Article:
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Video Transcript

Corine Vriesendorp: Parker-Gentry Award is an award that honors two incredible biologists, Ted Parker, and Al Gentry. Ted Parker was an expert on birds, Al Gentry was an expert on plants. They were part of a team of four that were experts in their field. These four people could be dropped into the middle of nowhere and very quickly give you an assessment of why that place is special. 

John Bates: Ted Parker was an absolutely unique individual. He had a lifelong passion for birds. 

Doug Stotz: He was unbelievable with birds and a big part of that was focus. It was almost all that he thought about.

Tom Schulenberg: Even as an undergraduate at University of Arizona, Ted began to experiment with audio recording of birds, way ahead of almost everyone else. [1:00]

Voice of Ted Parker: The clear, whistled song of the undulated tinamou is a characteristic early morning sound of river edge or low lying forest. [Undulated tinamou call]

John Bates: He showed people that working in the field and assembling good data sets about what was in a given area in the Neotropics, which is some of the richest avifaunas on the planet, was actually possible. But also to be able to do it by ear, because a lot of times in tropical forest, you're not going to see the individual species, but you will definitely hear them.

Doug Stotz: Basically, Ted heard a bird once and he remembered it forever.

Debra Moskovits: He was just extraordinarily generous with everyone, and he motivated them to go after their own passions, and then to use their passion to do something for conservation.

Nigel Pitman: Gentry was one of the first members of the rapid inventory team at Conservation International. [2:00] He had a long list of places that he still hadn't gotten to, places that he thought, “This place is going to be really special. It needs to be protected.”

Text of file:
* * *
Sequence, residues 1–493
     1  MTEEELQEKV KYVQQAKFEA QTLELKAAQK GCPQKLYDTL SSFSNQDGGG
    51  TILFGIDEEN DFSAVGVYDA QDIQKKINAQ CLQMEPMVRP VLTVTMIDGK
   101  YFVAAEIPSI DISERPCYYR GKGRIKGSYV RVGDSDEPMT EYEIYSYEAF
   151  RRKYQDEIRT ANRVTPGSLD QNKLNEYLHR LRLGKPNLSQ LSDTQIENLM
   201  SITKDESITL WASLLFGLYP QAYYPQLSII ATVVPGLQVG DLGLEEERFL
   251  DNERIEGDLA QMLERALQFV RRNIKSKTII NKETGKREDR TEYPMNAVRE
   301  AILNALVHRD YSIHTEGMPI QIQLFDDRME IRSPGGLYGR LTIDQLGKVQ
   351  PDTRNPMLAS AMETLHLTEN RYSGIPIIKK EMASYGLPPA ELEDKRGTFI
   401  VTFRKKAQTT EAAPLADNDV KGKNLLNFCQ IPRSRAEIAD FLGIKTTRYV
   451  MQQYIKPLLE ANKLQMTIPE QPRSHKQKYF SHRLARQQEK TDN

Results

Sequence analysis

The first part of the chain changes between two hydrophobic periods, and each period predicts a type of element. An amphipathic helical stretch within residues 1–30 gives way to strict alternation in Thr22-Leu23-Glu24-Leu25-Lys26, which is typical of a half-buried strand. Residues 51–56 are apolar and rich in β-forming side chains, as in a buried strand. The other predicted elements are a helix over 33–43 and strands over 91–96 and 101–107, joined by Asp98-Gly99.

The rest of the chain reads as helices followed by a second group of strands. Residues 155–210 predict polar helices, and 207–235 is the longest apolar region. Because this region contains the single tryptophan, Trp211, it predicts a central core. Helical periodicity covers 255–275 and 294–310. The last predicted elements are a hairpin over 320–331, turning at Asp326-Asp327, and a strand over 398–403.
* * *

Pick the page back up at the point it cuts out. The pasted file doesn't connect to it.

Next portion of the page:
Michael Dillon: That was what Al was about. That's how you make discoveries. You can't just trudge around the footsteps of other people–you got to make your own footsteps. 

Nigel Pitman: It was just incredible the amount of work that he did and the variety of work that he did. He wrote the best field guide to Amazonian plants. He floated the most hypotheses. He collected the most data.

Michael Dillon: Al was very meticulous about making sure that the taxonomy in his studies, his inventories, was dead-on. 

Nigel Pitman: It was this kind of detail in the rapid inventory reports that made Gentry's contribution such an inspiration to people. It wasn't just a list of plant species. It was full of this sense of wonder and discovery and the importance of the places that they were visiting.

Michael Dillon: He was a mentor to many, many, many people. And he did that over and over again and I say, he did it all over the world. [3:00] And he certainly did it a lot in Latin America.

Nigel Pitman: Gentry's impact is huge, and it's lasting. I'm writing a paper right now that tests a hypothesis that Gentry published in 1990. People are still using his papers, still using the specimens that he brought back from the field, still using the photographs that he took in the field, and the ideas that he floated about tropical plant communities.